Definition for loci (2 of 3)
noun, plural lo·ci [loh-sahy, -kee, -kahy] /ˈloʊ saɪ, -ki, -kaɪ/, lo·ca [loh-kuh] /ˈloʊ kə/.
Origin of locus
Definition for loci (3 of 3)
Examples from the Web for loci
To this general subject matter Aristotle gives the name "Topics" (τόποι, loci, communes loci).
The solution of simultaneous equations is easily seen to be the values of x, y corresponding to the intersections of the loci.
My remembrance of dates is also nearly entirely dependent on a clear mental vision of their loci in the diagram.Inquiries into Human Faculty and Its Development|Francis Galton
The theory of loci is thus identical with that of curves (see Curve and Geometry: Analytical).
Saluo tamen nobis et heredibus nostris, Regibus Anglie, libero transitu per medium Noui loci in quolibet aduentu nostro ibidem.The Grey Friars in Oxford|Andrew G. Little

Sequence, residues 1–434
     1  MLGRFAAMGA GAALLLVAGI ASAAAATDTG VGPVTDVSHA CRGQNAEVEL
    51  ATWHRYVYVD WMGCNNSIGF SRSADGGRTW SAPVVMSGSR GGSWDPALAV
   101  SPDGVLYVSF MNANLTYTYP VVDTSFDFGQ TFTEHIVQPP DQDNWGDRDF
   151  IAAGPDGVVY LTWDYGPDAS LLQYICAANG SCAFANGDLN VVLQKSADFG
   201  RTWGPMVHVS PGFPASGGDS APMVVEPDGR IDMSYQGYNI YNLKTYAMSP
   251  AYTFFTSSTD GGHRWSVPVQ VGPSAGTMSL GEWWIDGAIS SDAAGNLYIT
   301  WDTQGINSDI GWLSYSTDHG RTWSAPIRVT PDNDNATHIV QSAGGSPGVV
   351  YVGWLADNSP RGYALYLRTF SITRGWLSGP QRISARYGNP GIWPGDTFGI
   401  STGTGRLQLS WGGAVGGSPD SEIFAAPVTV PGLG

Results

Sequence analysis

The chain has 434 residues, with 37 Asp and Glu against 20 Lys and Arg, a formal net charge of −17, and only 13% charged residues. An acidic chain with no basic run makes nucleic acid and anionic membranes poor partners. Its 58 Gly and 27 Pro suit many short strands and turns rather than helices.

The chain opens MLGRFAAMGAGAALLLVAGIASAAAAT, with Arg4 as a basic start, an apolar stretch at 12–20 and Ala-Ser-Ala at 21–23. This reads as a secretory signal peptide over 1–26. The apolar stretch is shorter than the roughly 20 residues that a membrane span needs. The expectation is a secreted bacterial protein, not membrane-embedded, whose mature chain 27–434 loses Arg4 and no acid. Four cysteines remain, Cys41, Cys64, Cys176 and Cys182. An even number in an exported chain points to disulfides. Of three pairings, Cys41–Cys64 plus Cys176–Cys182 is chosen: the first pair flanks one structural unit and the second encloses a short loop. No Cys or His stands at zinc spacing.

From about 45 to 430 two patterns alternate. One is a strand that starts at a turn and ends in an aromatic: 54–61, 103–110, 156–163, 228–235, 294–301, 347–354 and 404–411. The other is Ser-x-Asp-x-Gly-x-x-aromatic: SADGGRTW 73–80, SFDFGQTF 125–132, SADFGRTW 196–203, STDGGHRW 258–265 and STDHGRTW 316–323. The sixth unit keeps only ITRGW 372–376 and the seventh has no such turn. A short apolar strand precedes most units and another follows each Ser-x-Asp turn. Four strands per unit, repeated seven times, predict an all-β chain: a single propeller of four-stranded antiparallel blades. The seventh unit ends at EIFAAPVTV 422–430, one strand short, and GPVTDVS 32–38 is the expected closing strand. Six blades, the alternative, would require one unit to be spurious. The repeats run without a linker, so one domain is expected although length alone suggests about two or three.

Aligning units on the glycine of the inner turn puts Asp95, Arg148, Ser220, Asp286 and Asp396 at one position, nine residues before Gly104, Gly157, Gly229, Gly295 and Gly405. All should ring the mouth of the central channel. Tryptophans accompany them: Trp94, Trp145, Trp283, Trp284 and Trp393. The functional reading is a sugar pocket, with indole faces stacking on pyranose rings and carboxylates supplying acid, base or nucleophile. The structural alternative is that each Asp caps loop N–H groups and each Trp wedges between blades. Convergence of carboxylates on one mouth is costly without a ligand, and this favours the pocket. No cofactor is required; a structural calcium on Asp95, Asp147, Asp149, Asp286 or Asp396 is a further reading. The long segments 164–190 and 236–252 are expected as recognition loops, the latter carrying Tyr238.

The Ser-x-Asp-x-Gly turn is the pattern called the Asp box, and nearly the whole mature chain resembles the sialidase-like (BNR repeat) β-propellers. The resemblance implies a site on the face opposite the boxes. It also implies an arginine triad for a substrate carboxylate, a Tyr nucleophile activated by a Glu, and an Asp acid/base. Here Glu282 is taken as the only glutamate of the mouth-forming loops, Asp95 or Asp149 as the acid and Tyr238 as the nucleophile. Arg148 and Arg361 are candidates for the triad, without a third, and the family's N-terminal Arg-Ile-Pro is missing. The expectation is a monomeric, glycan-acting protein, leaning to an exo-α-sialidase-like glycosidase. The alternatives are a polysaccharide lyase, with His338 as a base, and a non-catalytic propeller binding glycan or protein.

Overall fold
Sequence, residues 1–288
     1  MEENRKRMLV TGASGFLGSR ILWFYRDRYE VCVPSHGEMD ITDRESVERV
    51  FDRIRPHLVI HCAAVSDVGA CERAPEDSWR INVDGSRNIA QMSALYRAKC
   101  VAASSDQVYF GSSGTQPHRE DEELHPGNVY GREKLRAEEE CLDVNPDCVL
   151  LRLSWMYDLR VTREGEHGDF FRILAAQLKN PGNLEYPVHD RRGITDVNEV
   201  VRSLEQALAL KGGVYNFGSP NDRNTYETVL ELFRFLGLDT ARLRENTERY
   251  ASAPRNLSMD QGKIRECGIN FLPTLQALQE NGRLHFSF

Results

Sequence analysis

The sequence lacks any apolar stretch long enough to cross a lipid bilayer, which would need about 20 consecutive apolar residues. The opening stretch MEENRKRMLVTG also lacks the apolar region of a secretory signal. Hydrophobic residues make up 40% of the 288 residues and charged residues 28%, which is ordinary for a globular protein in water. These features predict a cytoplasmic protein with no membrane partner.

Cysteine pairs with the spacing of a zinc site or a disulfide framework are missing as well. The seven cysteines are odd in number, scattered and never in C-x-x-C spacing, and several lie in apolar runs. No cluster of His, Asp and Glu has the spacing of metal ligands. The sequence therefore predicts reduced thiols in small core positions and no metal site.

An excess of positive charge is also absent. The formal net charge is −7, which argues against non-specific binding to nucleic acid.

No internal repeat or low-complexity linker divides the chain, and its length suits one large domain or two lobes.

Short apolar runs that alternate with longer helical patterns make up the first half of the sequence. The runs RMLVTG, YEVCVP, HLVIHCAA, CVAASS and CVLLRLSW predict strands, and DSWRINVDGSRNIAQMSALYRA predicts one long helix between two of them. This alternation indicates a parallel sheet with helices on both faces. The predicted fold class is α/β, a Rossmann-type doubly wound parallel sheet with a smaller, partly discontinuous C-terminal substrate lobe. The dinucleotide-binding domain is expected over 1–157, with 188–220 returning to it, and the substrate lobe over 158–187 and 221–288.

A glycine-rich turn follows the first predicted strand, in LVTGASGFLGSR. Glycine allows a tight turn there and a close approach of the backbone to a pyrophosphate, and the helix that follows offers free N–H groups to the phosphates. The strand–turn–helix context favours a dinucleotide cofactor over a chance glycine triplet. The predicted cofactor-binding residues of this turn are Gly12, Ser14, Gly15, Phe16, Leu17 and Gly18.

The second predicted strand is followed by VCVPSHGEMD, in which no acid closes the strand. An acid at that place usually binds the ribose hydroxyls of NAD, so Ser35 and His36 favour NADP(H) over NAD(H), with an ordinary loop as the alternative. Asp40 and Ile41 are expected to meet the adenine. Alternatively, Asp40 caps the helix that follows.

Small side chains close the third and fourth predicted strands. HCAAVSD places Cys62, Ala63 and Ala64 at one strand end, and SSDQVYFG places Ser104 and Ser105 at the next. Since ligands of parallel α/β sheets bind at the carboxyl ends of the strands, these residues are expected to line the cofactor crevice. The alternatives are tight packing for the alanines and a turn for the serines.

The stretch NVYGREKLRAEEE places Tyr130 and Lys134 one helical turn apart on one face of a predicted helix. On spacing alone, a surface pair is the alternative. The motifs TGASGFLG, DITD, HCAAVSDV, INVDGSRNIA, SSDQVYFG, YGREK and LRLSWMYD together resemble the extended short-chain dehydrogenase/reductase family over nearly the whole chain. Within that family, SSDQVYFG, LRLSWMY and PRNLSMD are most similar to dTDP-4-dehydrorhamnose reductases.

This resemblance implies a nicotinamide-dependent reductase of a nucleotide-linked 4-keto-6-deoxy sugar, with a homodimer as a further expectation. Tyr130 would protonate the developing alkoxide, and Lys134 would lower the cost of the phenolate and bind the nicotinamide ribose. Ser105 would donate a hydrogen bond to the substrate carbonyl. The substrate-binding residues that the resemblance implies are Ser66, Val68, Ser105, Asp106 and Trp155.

British Dictionary definitions for loci (1 of 3)
British Dictionary definitions for loci (2 of 3)
Word Origin for genius loci
British Dictionary definitions for loci (3 of 3)
noun plural loci (ˈləʊsaɪ)
Word Origin for locus
Medicine definitions for loci
n. pl. lo•ci (-sī′, -kē, -kī′)
Science definitions for loci
Plural loci (lō′sī′, -kē, -kī′)
Culture definitions for loci
plur. loci (loh-seye, loh-keye)
In geometry, the set of all points (and only those points) that satisfy certain conditions; these points form a curve or figure. For example, the locus of all points in space one foot from a given point is a sphere having a radius of one foot and having its center at the given point. The locus of all points in a plane one foot from a given point is a circle having a radius of one foot and having its center at the given point.